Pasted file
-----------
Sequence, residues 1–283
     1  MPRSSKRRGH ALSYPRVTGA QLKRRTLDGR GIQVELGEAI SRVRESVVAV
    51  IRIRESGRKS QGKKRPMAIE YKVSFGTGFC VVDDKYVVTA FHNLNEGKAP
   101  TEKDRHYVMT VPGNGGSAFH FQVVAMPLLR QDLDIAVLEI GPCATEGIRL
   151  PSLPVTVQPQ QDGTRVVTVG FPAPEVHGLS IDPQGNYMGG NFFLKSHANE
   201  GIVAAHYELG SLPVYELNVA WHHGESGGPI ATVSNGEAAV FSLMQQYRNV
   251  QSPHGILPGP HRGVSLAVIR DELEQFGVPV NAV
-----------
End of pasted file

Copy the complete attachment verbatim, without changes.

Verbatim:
Sequence, residues 1–283
     1  MPRSSKRRGH ALSYPRVTGA QLKRRTLDGR GIQVELGEAI SRVRESVVAV
    51  IRIRESGRKS QGKKRPMAIE YKVSFGTGFC VVDDKYVVTA FHNLNEGKAP
   101  TEKDRHYVMT VPGNGGSAFH FQVVAMPLLR QDLDIAVLEI GPCATEGIRL
   151  PSLPVTVQPQ QDGTRVVTVG FPAPEVHGLS IDPQGNYMGG NFFLKSHANE
   201  GIVAAHYELG SLPVYELNVA WHHGESGGPI ATVSNGEAAV FSLMQQYRNV
   251  QSPHGILPGP HRGVSLAVIR DELEQFGVPV NAV